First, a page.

Farnsworth’s Classical English Rhetoric

“I must refrain from shouting what a brilliant work this is (præteritio). Farnsworth has written the book as he ought to have written it – and as only he could have written it (symploce). Buy it and read it – buy it and read it (epimone).”—Bryan A. Garner, Garner’s Modern English Usage

Everyone speaks and writes in patterns. Farnsworth is your guide to patterns known as rhetorical figures that can make your words more emphatic, memorable, and effective. This book details the timeless principles of rhetoric from Ancient Greece to the present day, drawing on examples in the English language of consummate masters of prose, such as Lincoln, Churchill, Dickens, Melville, and Burke.

Most rhetorical figures amount to departures from simple and literal statement, such as repeating words, putting words into an unexpected order, leaving out words that might have been expected, asking questions and then answering them. All apply to the composition of a simple sentence or paragraph—repetition and variety, suspense and relief, concealment and surprise, the creation of expectations and then the satisfaction or frustration of them. Farnsworth’s Classical English Rhetoric is for anyone who wants to be a better speaker or writer.

Praise for Farnsworth’s Classical English Rhetoric

Not only educational but delightful.
—David Mamet

The most immediate pleasure of this book is that it heightens one’s appreciation of the craft of great writers and speakers. Mr. Farnsworth includes numerous examples from Shakespeare and Dickens, Thoreau and Emerson, Winston Churchill and Abraham Lincoln. He also seems keen to rehabilitate writers and speakers whose rhetorical artistry is undervalued; besides his liking for Chesterton, he shows deep admiration for the Irish statesman Henry Grattan (1746-1820), whose studied repetition of a word (“No lawyer can say so; because no lawyer could say so without forfeiting his character as a lawyer”) is an instance, we are told, of conduplicatio. But more than anything Mr. Farnsworth wants to restore the reputation of rhetorical artistry per se, and the result is a handsome work of reference.
—Henry Hitchings, Wall Street Journal

Let me close with an example of hypophora — asking a question and then answering it: “Should you buy “Farnsworth’s Classical English Rhetoric”? If you’re at all interested in the techniques of writing, yes.
—Michael Dirda, Washington Post

So, dear reader, I say it even if I say it myself—get this book! No, really, get this book! Read clever Farnsworth, and read him again, and you may become more clever yourself.
—Carlin Romano, The Chronicle of Higher Education

Every writer should have this book.
—Erin McKean, editor of Verbatim: The Language Quarterly and CEO of Wordnik.com

The best introduction to rhetorical figures which has yet appeared. An essential reference for anyone who studies verbal style.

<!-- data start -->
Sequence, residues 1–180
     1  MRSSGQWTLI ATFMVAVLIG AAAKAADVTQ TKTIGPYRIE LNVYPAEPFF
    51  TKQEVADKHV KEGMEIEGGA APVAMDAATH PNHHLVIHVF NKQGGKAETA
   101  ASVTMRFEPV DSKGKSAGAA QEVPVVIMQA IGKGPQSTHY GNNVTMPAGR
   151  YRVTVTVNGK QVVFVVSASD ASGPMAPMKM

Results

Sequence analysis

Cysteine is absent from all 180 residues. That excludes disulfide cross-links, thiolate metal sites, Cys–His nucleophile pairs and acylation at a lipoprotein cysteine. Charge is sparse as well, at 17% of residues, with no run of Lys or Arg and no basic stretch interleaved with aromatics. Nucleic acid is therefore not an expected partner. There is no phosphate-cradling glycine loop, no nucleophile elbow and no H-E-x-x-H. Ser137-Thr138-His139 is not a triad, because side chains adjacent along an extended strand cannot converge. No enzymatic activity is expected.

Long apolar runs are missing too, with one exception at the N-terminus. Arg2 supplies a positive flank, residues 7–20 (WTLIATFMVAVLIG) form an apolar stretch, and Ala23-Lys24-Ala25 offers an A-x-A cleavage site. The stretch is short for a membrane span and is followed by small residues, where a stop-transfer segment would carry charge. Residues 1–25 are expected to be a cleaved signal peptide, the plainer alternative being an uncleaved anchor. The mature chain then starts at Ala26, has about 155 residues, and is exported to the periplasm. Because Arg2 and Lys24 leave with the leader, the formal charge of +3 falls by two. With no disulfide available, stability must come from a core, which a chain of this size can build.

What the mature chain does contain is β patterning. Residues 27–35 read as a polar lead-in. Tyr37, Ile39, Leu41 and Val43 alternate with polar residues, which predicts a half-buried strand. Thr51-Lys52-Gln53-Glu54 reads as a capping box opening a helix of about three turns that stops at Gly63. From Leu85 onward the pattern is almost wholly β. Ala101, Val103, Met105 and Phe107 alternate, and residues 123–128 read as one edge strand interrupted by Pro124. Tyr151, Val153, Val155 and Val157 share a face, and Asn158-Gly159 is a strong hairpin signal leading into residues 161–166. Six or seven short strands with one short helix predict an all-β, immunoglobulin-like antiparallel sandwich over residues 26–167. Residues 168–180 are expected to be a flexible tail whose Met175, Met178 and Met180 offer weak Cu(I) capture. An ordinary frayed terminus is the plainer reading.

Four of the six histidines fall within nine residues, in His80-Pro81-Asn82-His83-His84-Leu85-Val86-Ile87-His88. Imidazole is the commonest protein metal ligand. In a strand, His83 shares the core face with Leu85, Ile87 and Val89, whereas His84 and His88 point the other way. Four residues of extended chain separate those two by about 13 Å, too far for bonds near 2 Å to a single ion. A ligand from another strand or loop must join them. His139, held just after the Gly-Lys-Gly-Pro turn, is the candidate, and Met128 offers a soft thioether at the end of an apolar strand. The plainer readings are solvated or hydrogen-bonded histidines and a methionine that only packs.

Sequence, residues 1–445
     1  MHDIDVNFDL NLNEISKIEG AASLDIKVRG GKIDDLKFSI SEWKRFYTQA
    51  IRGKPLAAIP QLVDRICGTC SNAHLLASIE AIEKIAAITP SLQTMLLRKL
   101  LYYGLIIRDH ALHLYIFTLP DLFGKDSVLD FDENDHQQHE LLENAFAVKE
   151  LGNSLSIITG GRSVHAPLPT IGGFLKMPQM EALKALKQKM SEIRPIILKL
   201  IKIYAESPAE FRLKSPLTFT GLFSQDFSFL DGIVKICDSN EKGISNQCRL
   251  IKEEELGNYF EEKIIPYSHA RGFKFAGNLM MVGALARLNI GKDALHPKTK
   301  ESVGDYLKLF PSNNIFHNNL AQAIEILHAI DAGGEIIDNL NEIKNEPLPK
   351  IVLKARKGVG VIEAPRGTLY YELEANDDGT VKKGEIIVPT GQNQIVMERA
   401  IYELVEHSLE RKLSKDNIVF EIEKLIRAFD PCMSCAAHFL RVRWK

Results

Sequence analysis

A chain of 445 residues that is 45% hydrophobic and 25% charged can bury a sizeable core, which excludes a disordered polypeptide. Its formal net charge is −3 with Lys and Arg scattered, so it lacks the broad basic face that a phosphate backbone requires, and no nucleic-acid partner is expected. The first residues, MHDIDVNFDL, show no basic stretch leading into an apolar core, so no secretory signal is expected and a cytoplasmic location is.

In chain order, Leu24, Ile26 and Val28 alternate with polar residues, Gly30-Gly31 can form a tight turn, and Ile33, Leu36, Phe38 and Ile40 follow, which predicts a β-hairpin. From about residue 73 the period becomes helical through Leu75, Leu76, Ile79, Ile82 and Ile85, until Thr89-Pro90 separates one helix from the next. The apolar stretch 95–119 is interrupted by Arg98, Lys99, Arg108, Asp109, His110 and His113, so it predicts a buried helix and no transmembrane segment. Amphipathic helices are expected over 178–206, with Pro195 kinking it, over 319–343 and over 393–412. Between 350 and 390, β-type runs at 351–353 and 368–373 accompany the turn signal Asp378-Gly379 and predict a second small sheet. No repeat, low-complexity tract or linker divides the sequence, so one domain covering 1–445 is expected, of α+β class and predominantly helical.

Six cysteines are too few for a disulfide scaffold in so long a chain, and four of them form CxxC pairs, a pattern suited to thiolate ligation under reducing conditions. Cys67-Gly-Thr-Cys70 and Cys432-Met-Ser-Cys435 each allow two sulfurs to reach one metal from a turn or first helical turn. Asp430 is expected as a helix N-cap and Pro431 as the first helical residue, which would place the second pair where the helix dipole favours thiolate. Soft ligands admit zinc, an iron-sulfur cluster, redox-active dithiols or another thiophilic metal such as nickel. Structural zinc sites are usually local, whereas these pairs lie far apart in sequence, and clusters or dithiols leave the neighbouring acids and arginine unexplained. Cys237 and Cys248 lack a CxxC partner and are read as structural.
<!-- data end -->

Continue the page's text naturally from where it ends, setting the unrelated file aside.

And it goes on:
—Richard A. Lanham, Professor Emeritus of English, UCLA

Mandatory for persons involved in public speaking, this book should prove indispensable also to writers wishing to improve their literary style.
—John Simon, author of Paradigms Lost

I must refrain from shouting what a brilliant work this is (præteritio). Farnsworth has written the book as he ought to have written it – and as only he could have written it (symploce). Buy it and read it – buy it and read it (epimone).”
—Bryan A. Garner, author of Garner’s Modern English Usage

Many things, from dictators to advertising, have made modern people suspicious of and cynical about language mobilized to move us. Fortunately,Ward Farnsworth’s delightful swim in a sea of well-chosen words should help to rehabilitate the reputation of rhetoric.
—George F. Will, syndicated columnist

An engaging and accessible guide, valuable to all who wish to improve their rhetorical skills or better appreciate the abilities of others.
Library Journal

Ward Farnsworth’s invaluable review of classical English rhetoric is not only a vital tool for aiding clear expression, but a timely reminder that, despite the confusion of the present technological age, human nature, and our ability to communicate in clear and often beautiful ways, are unchanging.
—Victor Davis Hanson, co-author of Who Killed Homer?: The Demise of Classical Education and the Recovery of Greek Wisdom

Farnsworth’s Classical English Rhetoric is a ‘must’ for any college-level linguistics library and for students interested in literary traditions and the English language. The basic elements of effective speaking and writing, patterns that lend to power, and tips for writers who would use the English language more effectively make for a fine tutorial illustrating invaluable rhetorical usage. History and modern perspectives blend in this outstanding guide!
California Bookwatch

What might have been (and in many texts on rhetoric is) a dry analysis full of rebarbative Greco-Latin terminology (epizeuxis!) becomes an enchanted garden of lively English prose. . . . By the time you’ve read through the varied examples in each chapter, you not only understand the technique involved, you feel a warm glow of pleasure (and perhaps a desire to read an author who has been only a name to you, if that).
The book is beautifully designed (in Sabon Next type) and provides its examples in a handsome format, laid out on the page with plenty of white space with the source (author, title, date) in smaller type in the outer margin. I admire it; I appreciate it; I recommend it.
—Steven Dodson, The Millions

From Epizeuxis to Prolepsis, law professor Ward Farnsworth’s guide to figures of speech is a word-lover’s delight.
Bloomsbury Review